More than one out of four residents of Leningrad region (27.8%) named the development of a mechanism of substituting foreign words with the Russian analogues as a thing needed to implement the Act. Almost the same number (25.2%) of respondents named the provision of scientific and information resources for the Act. Another 21.3% believe the improvement of the regulatory system of using Russian as the official language of the country will help the Act to be more effective.
Respondents believe the issue of modernization of the Russian language should be approached cautiously. The majority of the city respondents (56.8%) are against making hasty moves to reform the Russian grammar in order to introduce modern conversational language and are against rejecting controversial rules of spelling. In Leningrad region, 46.3% of respondents have the same opinion.
Almost half (46.7%) of residents of St.Petersburg and 38.8% of their counterparts in the region believe the first thing the state should do is to raise the standards of speech culture for TV and radio reporters. About half of city and region respondents (45.7% и 47.2%, respectively) think the first thing the state should do is to enhance its educational and information work, including support of public educational organizations.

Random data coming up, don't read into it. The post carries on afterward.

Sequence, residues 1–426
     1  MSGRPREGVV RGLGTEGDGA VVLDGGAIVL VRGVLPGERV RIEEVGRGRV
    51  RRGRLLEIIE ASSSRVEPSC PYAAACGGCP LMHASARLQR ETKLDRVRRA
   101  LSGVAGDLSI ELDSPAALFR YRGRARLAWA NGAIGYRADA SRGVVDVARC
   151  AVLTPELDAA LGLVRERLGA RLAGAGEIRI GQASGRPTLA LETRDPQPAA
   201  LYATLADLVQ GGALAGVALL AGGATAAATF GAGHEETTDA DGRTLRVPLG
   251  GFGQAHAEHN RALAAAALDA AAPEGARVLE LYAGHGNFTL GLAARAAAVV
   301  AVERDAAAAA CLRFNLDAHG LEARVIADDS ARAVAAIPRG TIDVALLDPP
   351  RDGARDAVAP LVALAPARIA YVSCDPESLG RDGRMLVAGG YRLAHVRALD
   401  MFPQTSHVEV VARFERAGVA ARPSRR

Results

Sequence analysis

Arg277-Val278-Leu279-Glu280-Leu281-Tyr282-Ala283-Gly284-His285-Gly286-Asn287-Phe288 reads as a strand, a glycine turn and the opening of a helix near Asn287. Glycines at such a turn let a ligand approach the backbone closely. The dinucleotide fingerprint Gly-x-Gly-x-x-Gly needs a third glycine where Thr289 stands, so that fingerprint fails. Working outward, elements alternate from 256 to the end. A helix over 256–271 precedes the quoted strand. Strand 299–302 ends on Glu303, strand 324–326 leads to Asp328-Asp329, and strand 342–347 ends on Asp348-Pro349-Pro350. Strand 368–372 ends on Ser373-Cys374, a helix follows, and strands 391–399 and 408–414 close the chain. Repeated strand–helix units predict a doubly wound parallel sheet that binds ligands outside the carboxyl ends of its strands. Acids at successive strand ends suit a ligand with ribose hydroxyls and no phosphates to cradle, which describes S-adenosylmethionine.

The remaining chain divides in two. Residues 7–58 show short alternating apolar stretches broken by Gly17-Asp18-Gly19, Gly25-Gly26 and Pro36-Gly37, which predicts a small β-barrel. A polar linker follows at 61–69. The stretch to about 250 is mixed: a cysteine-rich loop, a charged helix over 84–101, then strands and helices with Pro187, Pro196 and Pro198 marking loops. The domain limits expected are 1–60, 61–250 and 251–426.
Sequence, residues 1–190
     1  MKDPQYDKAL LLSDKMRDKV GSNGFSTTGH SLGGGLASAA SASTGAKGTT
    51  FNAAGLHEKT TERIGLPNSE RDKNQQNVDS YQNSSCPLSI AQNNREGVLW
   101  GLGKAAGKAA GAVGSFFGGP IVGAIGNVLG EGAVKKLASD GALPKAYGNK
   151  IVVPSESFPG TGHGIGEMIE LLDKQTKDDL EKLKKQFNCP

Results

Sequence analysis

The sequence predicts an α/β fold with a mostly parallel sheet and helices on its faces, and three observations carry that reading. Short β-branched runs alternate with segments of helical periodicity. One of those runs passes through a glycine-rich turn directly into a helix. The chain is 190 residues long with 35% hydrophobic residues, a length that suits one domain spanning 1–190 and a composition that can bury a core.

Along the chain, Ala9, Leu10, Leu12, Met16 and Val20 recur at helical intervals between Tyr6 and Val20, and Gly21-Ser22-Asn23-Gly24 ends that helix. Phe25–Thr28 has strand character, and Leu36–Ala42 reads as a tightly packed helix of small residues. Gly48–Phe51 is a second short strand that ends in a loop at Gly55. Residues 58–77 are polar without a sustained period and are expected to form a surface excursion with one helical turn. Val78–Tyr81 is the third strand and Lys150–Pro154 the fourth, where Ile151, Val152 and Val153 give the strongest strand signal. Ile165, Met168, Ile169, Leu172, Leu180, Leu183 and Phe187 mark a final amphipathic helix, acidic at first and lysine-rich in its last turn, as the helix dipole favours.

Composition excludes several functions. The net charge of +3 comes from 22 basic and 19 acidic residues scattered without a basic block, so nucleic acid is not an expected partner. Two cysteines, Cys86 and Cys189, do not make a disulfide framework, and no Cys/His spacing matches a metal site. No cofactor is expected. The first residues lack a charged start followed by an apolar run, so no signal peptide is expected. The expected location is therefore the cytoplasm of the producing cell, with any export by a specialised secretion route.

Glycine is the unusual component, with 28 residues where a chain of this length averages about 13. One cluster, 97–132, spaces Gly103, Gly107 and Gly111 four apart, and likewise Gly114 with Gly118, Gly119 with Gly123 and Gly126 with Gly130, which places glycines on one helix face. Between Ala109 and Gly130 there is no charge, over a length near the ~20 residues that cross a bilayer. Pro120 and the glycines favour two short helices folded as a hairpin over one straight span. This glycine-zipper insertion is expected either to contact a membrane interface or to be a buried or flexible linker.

The CATI telephone survey of 2400 adults aged 18 and above residing in the city of St.Petersburg (n=1200) and Leningrad region (n=1200) took place on 01-20 August 2014. The Resource Center for Sociological and Internet Research of the St.Petersburg State University conducted the survey using a representative quota sample (controlling for gender, age, education and region).
Question: “Are you concerned or not concerned about current condition of the Russian speech, Russian language in Russia?”
|Rather concerned than not concerned||34,5||29,8|